A big bad scooter comes to town | What are the first things that come to your mind when you read the word ‘scooter’?
What are the first things that come to your mind when you read the word ‘scooter’? Light, very easy to maneuver at low speeds, and not meant for roads with a posted speed limit above 80 km/hour. The 2014 Kymco MyRoad 700i does not fit any of these definitions. This ‘King of Scooters’ as I so keenly named it, weighs just over 600 pounds–compared to an average scooter weight of about 245 pounds, this scooter is clearly earmarked for hypermiling those wide open highways, and not urban city centre streets. As the name suggests, the MyRoad intends to give you the impression that every road, is indeed your road for the taking. Going into the week, I had no idea what to expect. Though, after reading reviews of its competitor, the Suzuki Burgman 650, I was eager to see what this large scooter from Taiwan could accomplish.
The MyRoad 700i only comes in the white and black colour scheme. With a futuristic front fascia and a body style with sleek lines, this large scooter still manages to be an eye catcher on the road. The passenger pegs on this scooter fold up into the body work keeping the sleek and smooth look flowing throughout. I was pleasantly surprised to see that the front end, specifically the headlight assembly, somewhat resembled the one used on the Suzuki GSX-R series of sport bikes. Integrated LED brake lights and turn signals added to the premium look of this scooter, and with a very premium price tag of $10,295.00 I was definitely hoping for a premium ride experience to go along with it.
My only performance related gripe with this scooter is the tanker-like weight to it, which is immediately felt as soon as you stand the scooter up. Once that mighty feat is completed you are greeted with a 2 pod analog instrument cluster and a center mounted LCD display, and an ignition switch that looked like it was inscribed with hieroglyphics. I felt as though a simple ON, OFF, LOCK, and Fuel Door positions would have made the starting procedure much smoother, instead of having to randomly turn the key until the needles swept across the gauges, signifying that you were ready to hit the electric start button. Grabbing onto the handlebars you are met with adjustable brake levers and switches that are in the perfect position for your thumb to operate. Some of the plastic does feel a little below standard, but nothing I encountered felt overly cheap or poorly executed.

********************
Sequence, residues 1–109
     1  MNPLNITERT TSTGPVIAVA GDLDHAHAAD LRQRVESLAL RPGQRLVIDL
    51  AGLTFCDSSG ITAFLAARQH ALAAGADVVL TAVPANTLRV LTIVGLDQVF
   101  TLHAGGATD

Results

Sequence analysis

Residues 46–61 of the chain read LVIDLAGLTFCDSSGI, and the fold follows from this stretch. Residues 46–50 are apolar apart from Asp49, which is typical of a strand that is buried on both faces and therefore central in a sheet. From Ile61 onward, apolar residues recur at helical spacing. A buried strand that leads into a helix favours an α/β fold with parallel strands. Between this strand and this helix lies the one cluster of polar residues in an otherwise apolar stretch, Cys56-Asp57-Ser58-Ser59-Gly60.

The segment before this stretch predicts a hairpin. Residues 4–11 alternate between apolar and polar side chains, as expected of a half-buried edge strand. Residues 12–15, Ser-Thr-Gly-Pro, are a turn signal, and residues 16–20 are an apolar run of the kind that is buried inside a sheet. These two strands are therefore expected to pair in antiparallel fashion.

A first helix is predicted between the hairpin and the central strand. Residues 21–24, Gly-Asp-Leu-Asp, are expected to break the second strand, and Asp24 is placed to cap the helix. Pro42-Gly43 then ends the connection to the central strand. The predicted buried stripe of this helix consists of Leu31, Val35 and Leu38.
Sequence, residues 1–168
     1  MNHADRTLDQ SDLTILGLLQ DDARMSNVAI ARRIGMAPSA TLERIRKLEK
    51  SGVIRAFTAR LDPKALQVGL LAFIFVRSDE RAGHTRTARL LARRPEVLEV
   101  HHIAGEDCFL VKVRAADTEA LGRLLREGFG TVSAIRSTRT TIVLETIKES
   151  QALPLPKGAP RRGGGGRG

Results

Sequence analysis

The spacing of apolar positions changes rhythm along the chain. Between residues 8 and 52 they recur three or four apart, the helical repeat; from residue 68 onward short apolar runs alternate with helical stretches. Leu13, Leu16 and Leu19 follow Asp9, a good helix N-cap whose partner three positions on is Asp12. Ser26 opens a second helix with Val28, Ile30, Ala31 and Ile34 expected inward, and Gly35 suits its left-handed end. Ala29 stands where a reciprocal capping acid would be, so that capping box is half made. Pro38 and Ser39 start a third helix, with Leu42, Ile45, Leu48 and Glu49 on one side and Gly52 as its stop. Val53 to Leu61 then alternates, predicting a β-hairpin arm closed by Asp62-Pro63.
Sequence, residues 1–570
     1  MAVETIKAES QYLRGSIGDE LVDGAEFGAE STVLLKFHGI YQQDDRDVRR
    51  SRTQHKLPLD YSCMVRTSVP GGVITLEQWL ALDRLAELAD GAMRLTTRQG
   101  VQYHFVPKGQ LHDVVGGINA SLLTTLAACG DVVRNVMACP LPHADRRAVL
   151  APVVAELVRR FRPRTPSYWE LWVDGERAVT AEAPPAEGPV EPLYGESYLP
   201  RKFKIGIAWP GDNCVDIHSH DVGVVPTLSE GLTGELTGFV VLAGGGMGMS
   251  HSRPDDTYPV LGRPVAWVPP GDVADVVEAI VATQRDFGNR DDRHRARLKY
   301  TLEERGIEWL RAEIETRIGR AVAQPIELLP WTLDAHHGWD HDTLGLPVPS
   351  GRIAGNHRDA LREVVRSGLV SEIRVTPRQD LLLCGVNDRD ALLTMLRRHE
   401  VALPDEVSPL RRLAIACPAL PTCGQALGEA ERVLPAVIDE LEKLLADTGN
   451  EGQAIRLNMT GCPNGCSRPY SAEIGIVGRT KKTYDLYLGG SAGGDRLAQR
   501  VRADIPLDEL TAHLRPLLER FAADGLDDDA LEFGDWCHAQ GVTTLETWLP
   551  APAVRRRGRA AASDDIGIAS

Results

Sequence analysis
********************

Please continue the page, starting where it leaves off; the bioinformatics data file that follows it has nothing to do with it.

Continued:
The comfortable seat dips down to 30.7 inches for the driver and then gets higher for the passenger, which can be really appreciated for such a large bike. This being my first ever ride with an automatic CVT transmission, I had to get used to the fact that my clutch lever has now become the lever to control the rear brake. Power was fed from a liquid cooled, fuel-injected 700 cc 4 stroke parallel twin with 59 horsepower it was a breeze keeping up with highway traffic above 100 km/hour. When it came time to pass other vehicles, a slight twist of the throttle was all that was needed. Over the week with the MyRoad 700i I observed 5.1 L/100km which is not bad for a scooter this size. That gives the 15 litre tank running on a required octane of 91 or better a possible range of around 300 kilometres.
Cruising with the MyRoad 700i is obviously its strong point. Telescopic forks in the front and dual adjustable shocks in the rear paired with the Electronic dampening system with settings of hard, medium and soft made riding on any type of road surface a pleasant experience. The 150/70-14 rear tire and 120/70-15 front provided lots of grip and provided me with a lot of confidence when riding in the rain. Further adding to my confidence was the Anti-Lock Braking system that was onboard this scooter. The front dual 280mm vented dual piston calliper brakes and the single 240mm vented disk rear brake was able to bring me to a quick stop. Even with the rain the ABS did its job and brought the massive scooter to a halt in a straight line without any excess drama. The only windshield that comes with this scooter is plenty big, yet I still had more wind turbulence than I would have liked or expected, Kymco should really look into adding some options for windscreens.
Storage on the MyRoad 700i was also a strongpoint. The scooter has a deep storage bin below the handlebars and enough storage underneath the seat to fit two full-face helmets. Furthermore the scooter has a 12v power outlet so I was able to charge my electronic devices while riding.
Unfortunately like I had mentioned earlier if it wasn’t for the massive weight of this scooter I could see myself using it on a daily basis. However I would be really surprised for someone of my stature, 6 foot 1 and 220 pounds was be able to use this massive scooter as a daily commuter into city centres. The MyRoad 700i’s center LCD could be designed better as I found using the trip meter was a hassle having to hold down the button for over 5 seconds just to see what my Trip A or trip B was. Also the asking price is a bit much. For about the same amount of money I would rather pick up a 2015 Yamaha V-Star 950 or a 2014 Triumph Street Triple. This scooter may not fit my current lifestyle, but I could imagine that those that need a motorcycle for long trips with plenty of storage space, power, a comfortable riding position, and no ‘hassle’ of shifting gears manually, the Kymco MyRoad 700i would be a perfect companion.
2014 Kymco MyRoad700i Gallery